by Neil Richardson
(Some reflections on the contemporary ‘heresy’ of relevance)
For years now we have been trying to make everything – the Church, worship, the Bible, the gospel……relevant. But what does that mean? What, if any, are the theological foundations for such an approach? Bonhoeffer wrote somewhere that the relevance of the Bible is axiomatic – it’s a given. The problem, I suggest, lies elsewhere. So, first, a provocative quotation – and its biblical basis!
- ‘Christianity is always changing itself into something which can be believed’ (T.S. Eliot). Is this true? Is it Scriptural? And if it is both true and biblical, how do we engage with it?
Change is built into both Scripture and Christian tradition. In the Bible, stories and teaching are ‘re-cycled’; both OT and NT embody an extraordinary amount of change and diversity, with ‘borrowings’, additions, and losses or omissions. The process has continued in Christian history and tradition. That is the nature of an incarnational (contextual) faith, (‘the Word became flesh’).
The ongoing task is the re-discovery of orthodoxy – i.e. the Gospel – in each generation: fundamentally, the ‘doctrines’ of the Incarnation and Trinity, including the cross and resurrection of Jesus which are their heart, however variously and differently expressed. (‘To say the same thing in a different context means saying it differently’).
And so to two more quotations…..
- ‘We cannot know the ‘full number of the Gentiles’ (Romans 11.25-6), but ‘it seems clear that it will take thousands of years before the Gospel is preached in a clear and compelling way to all nations’ (K. Ward, The Word of God. The Bible after Modern Scholarship (SPCK 2010), p.143).
- ‘Can the many faces of Christianity find a message which will remake religion for a society which has decided to do without it?….It would be very surprising if this religion, so youthful yet so varied in its historical experience, had now revealed all its secrets’, (Diarmaid MacCulloch, A History of Christianity, London Allen Lane 2009, p.1016).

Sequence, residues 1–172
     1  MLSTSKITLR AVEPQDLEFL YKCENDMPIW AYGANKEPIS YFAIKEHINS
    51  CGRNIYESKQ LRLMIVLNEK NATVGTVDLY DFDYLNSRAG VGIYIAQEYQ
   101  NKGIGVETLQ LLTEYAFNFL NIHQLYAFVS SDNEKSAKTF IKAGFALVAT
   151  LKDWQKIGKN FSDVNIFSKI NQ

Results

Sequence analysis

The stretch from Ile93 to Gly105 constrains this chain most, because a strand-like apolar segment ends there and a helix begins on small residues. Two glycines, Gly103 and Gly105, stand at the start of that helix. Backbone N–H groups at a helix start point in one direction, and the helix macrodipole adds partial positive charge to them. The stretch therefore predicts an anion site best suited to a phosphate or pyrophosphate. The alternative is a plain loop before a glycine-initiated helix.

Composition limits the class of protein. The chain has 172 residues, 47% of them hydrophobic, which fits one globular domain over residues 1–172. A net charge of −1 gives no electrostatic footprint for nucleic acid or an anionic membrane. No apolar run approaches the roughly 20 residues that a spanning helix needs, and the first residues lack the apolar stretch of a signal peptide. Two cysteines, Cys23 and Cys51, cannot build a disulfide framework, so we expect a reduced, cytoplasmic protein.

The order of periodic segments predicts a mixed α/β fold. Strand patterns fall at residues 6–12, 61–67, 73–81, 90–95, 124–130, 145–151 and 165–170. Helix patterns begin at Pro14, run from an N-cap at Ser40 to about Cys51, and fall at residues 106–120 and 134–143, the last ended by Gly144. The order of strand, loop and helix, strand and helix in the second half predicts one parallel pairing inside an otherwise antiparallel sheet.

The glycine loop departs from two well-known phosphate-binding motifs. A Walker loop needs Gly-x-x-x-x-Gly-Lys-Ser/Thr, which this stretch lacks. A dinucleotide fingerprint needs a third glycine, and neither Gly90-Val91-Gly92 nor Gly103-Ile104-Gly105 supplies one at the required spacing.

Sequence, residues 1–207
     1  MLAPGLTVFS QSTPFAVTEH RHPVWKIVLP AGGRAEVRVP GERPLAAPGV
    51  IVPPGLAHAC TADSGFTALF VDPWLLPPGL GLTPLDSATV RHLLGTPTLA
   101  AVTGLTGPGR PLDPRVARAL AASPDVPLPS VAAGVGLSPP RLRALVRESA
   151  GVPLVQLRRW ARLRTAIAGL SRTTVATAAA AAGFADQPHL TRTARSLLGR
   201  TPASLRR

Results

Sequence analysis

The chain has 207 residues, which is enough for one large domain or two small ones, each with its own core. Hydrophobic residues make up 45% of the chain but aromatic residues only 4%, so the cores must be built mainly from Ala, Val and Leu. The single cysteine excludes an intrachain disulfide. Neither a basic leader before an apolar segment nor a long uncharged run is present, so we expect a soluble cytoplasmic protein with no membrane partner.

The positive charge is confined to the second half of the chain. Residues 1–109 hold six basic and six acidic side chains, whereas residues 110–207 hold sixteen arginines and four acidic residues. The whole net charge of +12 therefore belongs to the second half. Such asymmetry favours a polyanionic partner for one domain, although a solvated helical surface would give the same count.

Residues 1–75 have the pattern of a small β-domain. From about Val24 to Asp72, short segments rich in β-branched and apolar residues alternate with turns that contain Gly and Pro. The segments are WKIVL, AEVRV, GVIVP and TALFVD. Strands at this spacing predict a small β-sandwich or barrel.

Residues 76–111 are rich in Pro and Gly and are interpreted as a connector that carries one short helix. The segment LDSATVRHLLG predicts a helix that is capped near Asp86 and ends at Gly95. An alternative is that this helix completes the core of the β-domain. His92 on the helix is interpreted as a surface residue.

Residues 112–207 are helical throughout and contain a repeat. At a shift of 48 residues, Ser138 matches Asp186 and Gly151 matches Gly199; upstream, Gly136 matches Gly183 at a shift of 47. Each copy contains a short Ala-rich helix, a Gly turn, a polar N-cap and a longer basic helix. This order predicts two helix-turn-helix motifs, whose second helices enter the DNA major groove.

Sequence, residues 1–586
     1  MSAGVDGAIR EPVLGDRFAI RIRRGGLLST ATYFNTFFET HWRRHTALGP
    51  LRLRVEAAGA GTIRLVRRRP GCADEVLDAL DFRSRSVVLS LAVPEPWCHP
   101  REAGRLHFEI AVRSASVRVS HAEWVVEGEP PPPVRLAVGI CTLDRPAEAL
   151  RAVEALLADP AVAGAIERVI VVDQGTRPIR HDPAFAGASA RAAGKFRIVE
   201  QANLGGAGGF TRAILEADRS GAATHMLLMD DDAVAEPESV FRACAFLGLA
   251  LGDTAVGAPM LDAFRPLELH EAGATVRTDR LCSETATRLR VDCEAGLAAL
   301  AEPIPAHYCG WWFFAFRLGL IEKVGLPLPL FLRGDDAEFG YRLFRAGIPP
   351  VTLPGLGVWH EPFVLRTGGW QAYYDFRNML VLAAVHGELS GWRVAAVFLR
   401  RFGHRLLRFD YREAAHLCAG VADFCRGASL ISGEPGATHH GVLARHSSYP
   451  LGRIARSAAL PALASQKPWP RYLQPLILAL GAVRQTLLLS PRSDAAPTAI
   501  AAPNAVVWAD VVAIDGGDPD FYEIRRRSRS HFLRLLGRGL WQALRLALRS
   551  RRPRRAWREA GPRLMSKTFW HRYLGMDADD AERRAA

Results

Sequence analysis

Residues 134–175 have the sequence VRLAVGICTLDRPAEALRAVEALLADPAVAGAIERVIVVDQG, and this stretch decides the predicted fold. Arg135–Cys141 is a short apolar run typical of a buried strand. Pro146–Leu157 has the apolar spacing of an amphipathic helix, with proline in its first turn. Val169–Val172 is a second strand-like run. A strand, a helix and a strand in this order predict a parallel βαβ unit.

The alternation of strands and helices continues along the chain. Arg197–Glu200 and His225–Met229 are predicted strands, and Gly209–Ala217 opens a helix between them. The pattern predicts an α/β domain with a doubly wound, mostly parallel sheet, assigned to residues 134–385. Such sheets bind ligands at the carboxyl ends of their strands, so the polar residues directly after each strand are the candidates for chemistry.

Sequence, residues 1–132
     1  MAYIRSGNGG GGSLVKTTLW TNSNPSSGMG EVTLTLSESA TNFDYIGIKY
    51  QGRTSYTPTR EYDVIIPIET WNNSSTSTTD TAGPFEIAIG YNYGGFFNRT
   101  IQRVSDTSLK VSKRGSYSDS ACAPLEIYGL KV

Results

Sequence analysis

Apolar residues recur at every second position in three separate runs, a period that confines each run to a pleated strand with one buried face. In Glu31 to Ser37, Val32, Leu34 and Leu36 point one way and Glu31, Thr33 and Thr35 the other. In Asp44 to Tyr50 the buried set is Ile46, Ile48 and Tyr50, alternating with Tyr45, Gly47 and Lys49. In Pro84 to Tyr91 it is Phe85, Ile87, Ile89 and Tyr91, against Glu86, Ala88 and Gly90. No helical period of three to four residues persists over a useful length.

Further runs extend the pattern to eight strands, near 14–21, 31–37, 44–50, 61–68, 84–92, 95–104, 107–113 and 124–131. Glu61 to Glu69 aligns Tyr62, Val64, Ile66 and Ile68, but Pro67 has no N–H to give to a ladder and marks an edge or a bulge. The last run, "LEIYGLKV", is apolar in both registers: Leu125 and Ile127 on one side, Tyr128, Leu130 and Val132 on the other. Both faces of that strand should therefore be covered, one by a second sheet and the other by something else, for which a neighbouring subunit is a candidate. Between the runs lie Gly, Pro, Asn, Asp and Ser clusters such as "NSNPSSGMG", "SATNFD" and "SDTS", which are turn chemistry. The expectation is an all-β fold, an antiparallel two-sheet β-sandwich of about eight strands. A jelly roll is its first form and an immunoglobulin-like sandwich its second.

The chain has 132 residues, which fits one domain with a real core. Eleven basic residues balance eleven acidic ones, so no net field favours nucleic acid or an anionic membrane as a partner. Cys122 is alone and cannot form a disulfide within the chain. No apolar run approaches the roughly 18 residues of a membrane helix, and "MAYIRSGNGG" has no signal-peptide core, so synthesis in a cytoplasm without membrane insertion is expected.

So who knows what mutations of the Christian faith the future might hold? Two questions have impressed themselves upon me throughout my ministry:
- How far must Christianity change in order to remain Christianity?
- How far can Christianity change without ceasing to be Christianity?
- So who – or what –should be the drivers of change?
Making things ‘relevant’, I’ve suggested, is the wrong place to start. Its suspect nature becomes apparent as soon as we start to think about making God relevant. We are not engaged in a P.R. exercise, as if it were just a matter of ‘trying to get our(?) message’ across. There is a crucial difference between faithfulness to the Gospel and chameleon-like salesmanship.
The Gentile mission in the New Testament can guide us in discovering how change happens. (Instead of thinking of ‘getting back to the Bible’, we should think about going forward with the Bible).
The Acts of the Apostles suggests i) prayer – i.e. sustained attention to God, ii) love, (the opposite of fear), and iii) the Holy Spirit, are fundamental in the process of change. All imply, or require listening. (Note the place of dialogue in the ministry of Paul, Acts 17.2,17f, and 18.4).So one vital task will be our prayerful engagement with the Bible and with Christian tradition alongside our loving attention to the Church and to the world.
- Last, but not least, my final quotation here has haunted me ever since I read it (in, I think, Evangelism in the Wesleyan Spirit):
‘The Gospel hasn’t really been preached until it has been heard’ (Albert Outler).
So how far must Christian preaching and worship change in order to remain Christian?
How far can Christian preaching and worship change without ceasing to be Christian?
That will require ( at least)
– attending to our congregations and their contexts
– reading the Bible searchingly, persistently, prayerfully
– offering a message which evokes and nurtures faith.
The heart of the matter: the story of Jesus, and all that flows from that – including the preacher as an ‘icon’ of the Gospel (e.g. 1 Cor. 2.1-5, 2 Cor. 4.5).
A final thought: preaching, like the Faith, mutates – always has, and always will – or should – in faithfulness to the Gospel and in the service of those who hear.